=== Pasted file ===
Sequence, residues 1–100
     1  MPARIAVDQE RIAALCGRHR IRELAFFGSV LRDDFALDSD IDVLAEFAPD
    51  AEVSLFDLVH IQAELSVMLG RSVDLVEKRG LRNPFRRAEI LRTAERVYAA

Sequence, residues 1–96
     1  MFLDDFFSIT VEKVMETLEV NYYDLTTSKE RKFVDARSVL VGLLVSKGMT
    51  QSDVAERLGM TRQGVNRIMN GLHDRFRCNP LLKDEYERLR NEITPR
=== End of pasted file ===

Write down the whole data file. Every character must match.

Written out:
Sequence, residues 1–100
     1  MPARIAVDQE RIAALCGRHR IRELAFFGSV LRDDFALDSD IDVLAEFAPD
    51  AEVSLFDLVH IQAELSVMLG RSVDLVEKRG LRNPFRRAEI LRTAERVYAA

Sequence, residues 1–96
     1  MFLDDFFSIT VEKVMETLEV NYYDLTTSKE RKFVDARSVL VGLLVSKGMT
    51  QSDVAERLGM TRQGVNRIMN GLHDRFRCNP LLKDEYERLR NEITPR